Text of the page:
Seeking a Higher Education Enrollment Up at Religious Colleges
Byline: Dalia Hatuqa Medill News Service
To generations of college-goers whose experiences have inspired movies like "Animal House" and "Van Wilder," Ben Dodd's priorities might seem a little odd.
"When I was applying to colleges, partying was not something that appealed to me at all," says Dodd, who graduated in May with a bachelor's degree in biblical studies from Trinity International University in Deerfield.
Dodd is one of a growing number of students choosing to attend Christian evangelical colleges and universities rather their secular counterparts.
Enrollment skyrocketed from 135,000 in 1990 to 230,000 in 2004 at the 102 campuses that belong to the Council for Christian Colleges and Universities. That's an increase of 70 percent.
Enrollment at nonreligious private colleges grew only 28 percent, while enrollment at public universities increased by 13 percent over the same period.
The figures come from a study of federal education data compiled by the National Association of Independent Colleges and Universities in collaboration with the CCCU.
At Wheaton College, enrollment has increased 9 percent since 1990. According to Shawn Leftwich, the college's director of admissions, that's because more students are seeking a school with "moral fiber."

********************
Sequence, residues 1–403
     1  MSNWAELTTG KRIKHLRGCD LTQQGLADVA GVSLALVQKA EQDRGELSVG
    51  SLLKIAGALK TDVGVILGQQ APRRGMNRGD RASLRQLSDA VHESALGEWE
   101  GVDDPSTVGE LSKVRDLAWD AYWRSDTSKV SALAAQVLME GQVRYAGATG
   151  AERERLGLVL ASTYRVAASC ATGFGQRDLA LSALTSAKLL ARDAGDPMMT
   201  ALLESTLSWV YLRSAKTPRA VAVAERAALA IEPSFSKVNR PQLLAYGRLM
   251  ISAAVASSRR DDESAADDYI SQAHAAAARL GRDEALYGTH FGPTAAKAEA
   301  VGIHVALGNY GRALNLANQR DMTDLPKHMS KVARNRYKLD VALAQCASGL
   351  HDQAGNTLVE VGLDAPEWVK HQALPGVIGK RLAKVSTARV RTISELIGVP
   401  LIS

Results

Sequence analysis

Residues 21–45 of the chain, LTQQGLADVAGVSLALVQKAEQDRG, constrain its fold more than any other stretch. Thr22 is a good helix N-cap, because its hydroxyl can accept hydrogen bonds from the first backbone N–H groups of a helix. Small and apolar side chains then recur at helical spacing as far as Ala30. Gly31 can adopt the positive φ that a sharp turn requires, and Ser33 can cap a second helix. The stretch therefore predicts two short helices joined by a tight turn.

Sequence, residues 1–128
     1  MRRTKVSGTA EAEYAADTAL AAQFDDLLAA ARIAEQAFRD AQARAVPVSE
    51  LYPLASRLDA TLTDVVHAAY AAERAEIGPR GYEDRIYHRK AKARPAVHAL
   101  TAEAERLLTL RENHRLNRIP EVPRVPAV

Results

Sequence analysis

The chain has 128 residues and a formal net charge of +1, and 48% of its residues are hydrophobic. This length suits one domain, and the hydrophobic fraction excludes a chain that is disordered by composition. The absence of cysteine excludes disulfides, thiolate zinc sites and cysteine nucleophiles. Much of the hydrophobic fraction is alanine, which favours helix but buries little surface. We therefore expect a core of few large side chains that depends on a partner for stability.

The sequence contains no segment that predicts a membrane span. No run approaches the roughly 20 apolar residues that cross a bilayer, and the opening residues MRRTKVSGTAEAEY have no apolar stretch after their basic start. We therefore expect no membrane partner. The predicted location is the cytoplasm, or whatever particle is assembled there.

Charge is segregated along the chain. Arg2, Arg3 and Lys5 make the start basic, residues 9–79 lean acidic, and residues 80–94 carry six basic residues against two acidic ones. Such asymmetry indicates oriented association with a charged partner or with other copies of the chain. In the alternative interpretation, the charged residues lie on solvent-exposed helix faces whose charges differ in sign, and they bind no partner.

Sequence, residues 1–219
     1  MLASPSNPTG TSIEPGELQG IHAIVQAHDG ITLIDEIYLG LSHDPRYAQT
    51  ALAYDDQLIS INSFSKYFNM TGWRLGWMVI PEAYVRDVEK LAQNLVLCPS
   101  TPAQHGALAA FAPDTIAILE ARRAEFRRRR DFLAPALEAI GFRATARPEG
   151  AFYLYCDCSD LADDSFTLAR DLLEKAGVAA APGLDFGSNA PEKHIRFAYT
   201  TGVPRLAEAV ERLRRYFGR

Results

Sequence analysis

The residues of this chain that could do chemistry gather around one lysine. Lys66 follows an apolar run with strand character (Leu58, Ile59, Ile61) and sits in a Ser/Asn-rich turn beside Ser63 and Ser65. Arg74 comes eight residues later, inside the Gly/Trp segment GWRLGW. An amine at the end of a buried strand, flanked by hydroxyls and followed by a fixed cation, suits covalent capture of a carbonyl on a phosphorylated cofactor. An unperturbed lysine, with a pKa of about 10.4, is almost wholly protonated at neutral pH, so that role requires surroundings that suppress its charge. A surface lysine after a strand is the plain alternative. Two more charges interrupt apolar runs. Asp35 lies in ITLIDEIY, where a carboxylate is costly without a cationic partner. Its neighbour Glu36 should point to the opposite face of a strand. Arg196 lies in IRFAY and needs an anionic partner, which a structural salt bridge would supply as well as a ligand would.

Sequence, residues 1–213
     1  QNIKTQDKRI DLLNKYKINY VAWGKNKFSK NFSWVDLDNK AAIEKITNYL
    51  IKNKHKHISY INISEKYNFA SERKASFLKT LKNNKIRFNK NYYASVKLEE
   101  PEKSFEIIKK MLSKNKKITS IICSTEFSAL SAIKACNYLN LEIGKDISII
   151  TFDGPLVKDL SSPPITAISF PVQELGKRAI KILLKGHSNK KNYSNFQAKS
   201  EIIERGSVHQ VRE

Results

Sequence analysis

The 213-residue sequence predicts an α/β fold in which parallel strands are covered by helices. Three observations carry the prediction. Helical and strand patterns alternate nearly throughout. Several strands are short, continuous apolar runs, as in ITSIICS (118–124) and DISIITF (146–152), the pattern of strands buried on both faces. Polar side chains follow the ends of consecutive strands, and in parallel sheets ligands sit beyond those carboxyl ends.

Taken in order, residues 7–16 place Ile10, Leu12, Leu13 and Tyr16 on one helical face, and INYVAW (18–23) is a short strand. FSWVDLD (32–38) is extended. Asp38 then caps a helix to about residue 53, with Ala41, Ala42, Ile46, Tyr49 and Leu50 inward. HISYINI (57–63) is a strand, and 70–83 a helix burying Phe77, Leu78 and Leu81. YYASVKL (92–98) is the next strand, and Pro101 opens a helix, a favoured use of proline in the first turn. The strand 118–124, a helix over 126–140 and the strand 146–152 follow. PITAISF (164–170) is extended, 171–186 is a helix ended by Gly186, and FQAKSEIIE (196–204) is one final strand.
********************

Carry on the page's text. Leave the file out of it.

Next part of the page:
Evangelical colleges are becoming increasingly attractive because they do not separate the ideas of faith and morality from what's being taught in the classroom, Leftwich says.
"There is a firm foundation biblically, and it's ringing true for a number of people," she says. "Students can bring their faith into the classroom and they don't have to compartmentalize that part of themselves."
"The way faith is integrated into the classroom is a great strength," Dodd says. "It's a more holistic education. ... I feel I've learned a better way of living."
Faith is also a part of the experience at Judson College in Elgin, which has had a 14 percent increase in enrollment since 2001 - from 1,089 to 1,247 students, according to Tonya Lucchetti- Hudson, Judson's director of communications.
"Christian liberal colleges offer students a great value for their dollar," Lucchetti-Hudson says, "especially since ethics and values are infused into the curriculum itself."
Larry Braskamp, professor emeritus of education at Loyola University in Chicago, says religion in general is becoming more important in public life, and that religious fervor is helping boost enrollment at religious colleges - seen as "safe yet challenging places. …